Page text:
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You're definitely missing something. The turrets is just a sphere (nearly) and can be aimed any direction, up/down/left/right, parallel or perpendicular to the mounting surface as long as you rotate the outer housing properly. It sounds like the cable it just getting hung up on one of the back plate supports. Try orienting it without the hood so you can see what you're doing and prove that you can aim it where needed.
 

aristobrat

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The front of the turret is flat and when the mount is horizontal it will only tilt up so far. It’s not the cord stopping it from going up another few degrees... the flat front face hitting the hood is stopping it.

82537350-736B-442E-A374-B882490501D4.jpeg
 

Philip Gonzales

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The front of the turret is flat and when the mount is horizontal it will only tilt up so far. It’s not the cord stopping it from going up another few degrees... the flat front face hitting the hood is stopping it.

View attachment 31357
What if you buy the PFB203 mount? You can either mount it to the soffit which I think will give you the range you need or mount it to the wall and flip the mount upside down. Idk sounds like it may work but idk how well it would look.
https://www.amazon.com/Dahua-IPC-HDW4431C-IPC-HDBW4431R-ZS-IPC-HDBW4431R-S-IPC-HDBW4431R-AS/dp/B079BWK932/ref=mp_s_a_1_1?ie=UTF8&qid=1531448288&sr=8-1&pi=AC_SX236_SY340_FMwebp_QL65&keywords=PFB203W&dpPl=1&dpID=31n2InG6ugL&ref=plSrch
 

blake

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Man, I've never mounted a turret that needed to go past even the cutout of the hood before. That must be some kind of angle you have to work with.
 

Mr_D

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Man, I've never mounted a turret that needed to go past even the cutout of the hood before. That must be some kind of angle you have to work with.
Yeah considering that cameras are typically mounted high (often too high) aiming up isn't a typical use case. In this case, you could aim up if the base were mounted on a wall instead.
 

aristobrat

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You guys are the best! lol The picture was just to show that horizontally-mounted Dahua turrets do have an upwards tilt limit that isn't caused by the pigtail not having enough slack. Yes, that's an usual use-case. Yes, mounting vertically doesn't have this issue. Yes, using a test rig before mounting is a good idea.

For me, I did use a test rig before mounting this camera 1.5 years ago. Since then, like a lot of folks here, I have added more cameras than I originally planned for, so I've recently had the opportunity to point this camera at a different scene. This is where I've run into the upward tilt limit, which isn't impacting the scene enough to warrant remounting the camera. I just wanted to share with the OP that I've run into this (if this is what the OP is talking about). To me, it sounds like he has a steep driveway.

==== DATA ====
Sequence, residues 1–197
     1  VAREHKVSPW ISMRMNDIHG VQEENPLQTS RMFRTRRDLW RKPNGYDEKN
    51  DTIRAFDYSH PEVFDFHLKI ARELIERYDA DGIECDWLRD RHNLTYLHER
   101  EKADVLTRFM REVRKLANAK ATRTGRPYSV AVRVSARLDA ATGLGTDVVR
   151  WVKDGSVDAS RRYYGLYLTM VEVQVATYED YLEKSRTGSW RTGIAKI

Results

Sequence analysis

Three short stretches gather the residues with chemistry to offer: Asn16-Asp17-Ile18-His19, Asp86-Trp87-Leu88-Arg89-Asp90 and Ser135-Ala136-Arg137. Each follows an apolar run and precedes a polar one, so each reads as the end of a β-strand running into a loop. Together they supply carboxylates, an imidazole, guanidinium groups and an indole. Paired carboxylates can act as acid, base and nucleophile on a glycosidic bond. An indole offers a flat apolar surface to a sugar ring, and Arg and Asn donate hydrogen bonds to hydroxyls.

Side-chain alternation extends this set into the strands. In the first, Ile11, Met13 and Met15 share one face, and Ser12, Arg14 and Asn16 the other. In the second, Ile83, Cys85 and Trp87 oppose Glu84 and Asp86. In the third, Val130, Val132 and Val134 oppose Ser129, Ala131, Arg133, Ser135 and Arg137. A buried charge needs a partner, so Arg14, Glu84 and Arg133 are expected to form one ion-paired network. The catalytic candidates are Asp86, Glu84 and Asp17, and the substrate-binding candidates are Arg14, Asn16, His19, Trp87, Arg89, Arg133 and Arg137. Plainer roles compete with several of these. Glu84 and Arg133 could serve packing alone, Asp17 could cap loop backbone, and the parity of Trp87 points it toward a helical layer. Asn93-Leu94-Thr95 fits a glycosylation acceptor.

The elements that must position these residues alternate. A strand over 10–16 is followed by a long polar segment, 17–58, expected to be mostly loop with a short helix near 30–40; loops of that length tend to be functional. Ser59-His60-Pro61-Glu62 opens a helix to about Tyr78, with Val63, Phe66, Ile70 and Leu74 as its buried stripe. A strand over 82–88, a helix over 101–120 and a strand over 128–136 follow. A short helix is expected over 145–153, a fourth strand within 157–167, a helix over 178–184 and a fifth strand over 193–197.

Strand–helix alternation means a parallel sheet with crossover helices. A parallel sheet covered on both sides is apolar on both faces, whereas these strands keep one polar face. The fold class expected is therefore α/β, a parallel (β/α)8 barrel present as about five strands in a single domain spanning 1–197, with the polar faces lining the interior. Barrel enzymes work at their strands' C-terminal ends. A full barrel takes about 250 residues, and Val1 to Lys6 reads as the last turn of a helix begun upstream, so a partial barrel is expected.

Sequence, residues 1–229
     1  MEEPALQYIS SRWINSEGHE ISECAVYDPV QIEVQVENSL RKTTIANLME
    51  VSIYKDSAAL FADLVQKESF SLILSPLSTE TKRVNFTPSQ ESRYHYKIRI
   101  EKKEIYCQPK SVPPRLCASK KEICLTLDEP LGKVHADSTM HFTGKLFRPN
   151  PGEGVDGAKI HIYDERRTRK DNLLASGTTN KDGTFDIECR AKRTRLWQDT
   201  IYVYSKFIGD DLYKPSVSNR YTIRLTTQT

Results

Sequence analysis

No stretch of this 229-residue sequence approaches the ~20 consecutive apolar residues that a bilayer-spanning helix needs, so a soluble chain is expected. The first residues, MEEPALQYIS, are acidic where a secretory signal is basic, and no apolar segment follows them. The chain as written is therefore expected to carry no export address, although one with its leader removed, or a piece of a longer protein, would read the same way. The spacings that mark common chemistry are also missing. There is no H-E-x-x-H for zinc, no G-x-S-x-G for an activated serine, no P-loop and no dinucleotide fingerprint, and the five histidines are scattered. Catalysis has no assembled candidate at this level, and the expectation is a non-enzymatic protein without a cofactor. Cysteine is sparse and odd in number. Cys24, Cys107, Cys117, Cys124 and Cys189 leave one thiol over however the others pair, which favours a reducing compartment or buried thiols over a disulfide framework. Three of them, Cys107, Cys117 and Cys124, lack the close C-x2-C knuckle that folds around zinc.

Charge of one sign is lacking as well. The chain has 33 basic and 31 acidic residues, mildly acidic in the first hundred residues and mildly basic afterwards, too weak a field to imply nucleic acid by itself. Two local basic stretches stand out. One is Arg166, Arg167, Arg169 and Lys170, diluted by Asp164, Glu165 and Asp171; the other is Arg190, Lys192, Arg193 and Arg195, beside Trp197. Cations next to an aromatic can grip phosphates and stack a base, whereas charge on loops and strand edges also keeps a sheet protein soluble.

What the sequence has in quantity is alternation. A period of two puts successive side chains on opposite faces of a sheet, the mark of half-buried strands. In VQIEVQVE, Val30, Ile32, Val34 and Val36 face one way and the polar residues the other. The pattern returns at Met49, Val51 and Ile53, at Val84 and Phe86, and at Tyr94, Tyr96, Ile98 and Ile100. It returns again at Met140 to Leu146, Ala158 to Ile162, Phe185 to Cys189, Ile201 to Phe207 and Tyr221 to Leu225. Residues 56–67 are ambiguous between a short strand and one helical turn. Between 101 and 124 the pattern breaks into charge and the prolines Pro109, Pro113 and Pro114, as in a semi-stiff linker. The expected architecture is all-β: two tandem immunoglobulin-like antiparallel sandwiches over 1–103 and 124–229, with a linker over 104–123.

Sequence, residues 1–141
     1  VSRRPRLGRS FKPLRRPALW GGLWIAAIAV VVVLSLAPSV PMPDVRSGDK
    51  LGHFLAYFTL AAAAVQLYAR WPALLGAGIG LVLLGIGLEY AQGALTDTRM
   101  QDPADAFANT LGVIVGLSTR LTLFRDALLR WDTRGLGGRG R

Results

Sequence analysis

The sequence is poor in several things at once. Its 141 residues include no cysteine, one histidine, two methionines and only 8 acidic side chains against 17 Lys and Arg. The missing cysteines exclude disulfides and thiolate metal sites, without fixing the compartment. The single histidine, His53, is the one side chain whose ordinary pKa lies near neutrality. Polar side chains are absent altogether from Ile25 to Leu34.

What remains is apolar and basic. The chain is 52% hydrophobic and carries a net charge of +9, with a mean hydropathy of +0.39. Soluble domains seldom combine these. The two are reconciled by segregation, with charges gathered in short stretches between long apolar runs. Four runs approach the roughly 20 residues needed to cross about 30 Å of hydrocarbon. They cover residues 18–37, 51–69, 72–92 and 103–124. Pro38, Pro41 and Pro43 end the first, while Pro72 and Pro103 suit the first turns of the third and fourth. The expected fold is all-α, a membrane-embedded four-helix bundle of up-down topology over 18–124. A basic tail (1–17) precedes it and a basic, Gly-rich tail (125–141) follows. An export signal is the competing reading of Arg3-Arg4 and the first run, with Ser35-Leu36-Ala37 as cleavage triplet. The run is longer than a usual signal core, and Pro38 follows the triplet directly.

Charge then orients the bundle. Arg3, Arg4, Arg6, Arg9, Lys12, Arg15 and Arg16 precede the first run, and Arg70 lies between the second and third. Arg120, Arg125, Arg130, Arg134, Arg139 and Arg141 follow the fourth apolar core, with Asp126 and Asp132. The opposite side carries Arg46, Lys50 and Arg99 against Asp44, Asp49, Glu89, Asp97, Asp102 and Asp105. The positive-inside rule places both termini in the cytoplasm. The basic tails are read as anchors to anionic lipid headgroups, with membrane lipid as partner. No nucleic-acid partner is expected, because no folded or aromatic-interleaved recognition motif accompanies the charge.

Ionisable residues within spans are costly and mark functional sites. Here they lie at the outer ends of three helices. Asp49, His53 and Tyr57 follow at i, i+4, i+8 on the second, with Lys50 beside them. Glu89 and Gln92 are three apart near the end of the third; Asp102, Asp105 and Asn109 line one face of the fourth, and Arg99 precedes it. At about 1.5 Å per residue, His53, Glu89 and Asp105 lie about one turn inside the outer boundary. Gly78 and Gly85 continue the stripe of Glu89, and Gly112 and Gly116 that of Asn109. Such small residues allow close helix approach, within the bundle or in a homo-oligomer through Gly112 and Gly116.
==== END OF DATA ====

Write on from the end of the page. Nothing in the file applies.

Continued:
blake

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Gotcha. I just added a 22204TNI to my arsenal, and I'm loving the ability to ptz into my fixed cam views.
 

PaulH

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Thanks guys, as mentioned by atristobrat, you guys are the best. I didn't expect this topic to generate much response.
I have ordered a right angle mount to see if that helps, but I suspect it it's made as a true right angle it won't help much, as aristobrat mentioned, the front flat face of the camera interferes with the mount, preventing even reaching a true right angle between mounting surface to face of camera.
At the moment I'm at the stage of determining which points to mount my cameras, luckily I hadn't ordered more than the 2mp starlight turret I've been playing with, and a 4mp turret. The 4mp turret was cheap and it's plastic, but also doesn't allow a full 90 degrees,so I think it's inherent with this style of camera. It's not an issue for most installations as the camera is usually mounted high enough not to be an issue. In my case, our house is on the low side of the street, and the garage areas eaves are 7'6" high, so by the time the camera is mounted it's about 7'4" looking up the slope. To be honest, the slope isn't all that steep, probably 1 in 10 at a rough guess.
I do have some concern regarding security of the low mounted camera, all I can do is see if I can mount it in another position to the side of the opening of the garage door, which is a bit higher but doesn't offer as good a view up the driveway, or mount it low and hope no-one knocks it off (steals it).
 

mat200

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I do have some concern regarding security of the low mounted camera, all I can do is see if I can mount it in another position to the side of the opening of the garage door, which is a bit higher but doesn't offer as good a view up the driveway, or mount it low and hope no-one knocks it off (steals it).
HI PaulH,

If you mount the cameras and cable securely you should have a good strong vandal resistant setup. The cameras themselves are fairly sturdy, and if the cable is not exposed ( either in wall or in conduit ) it should be hard for vandals to disable or steal it quickly or easily. I secured my cameras with a few 3" long deck/quality screws into the framing / studs of the building.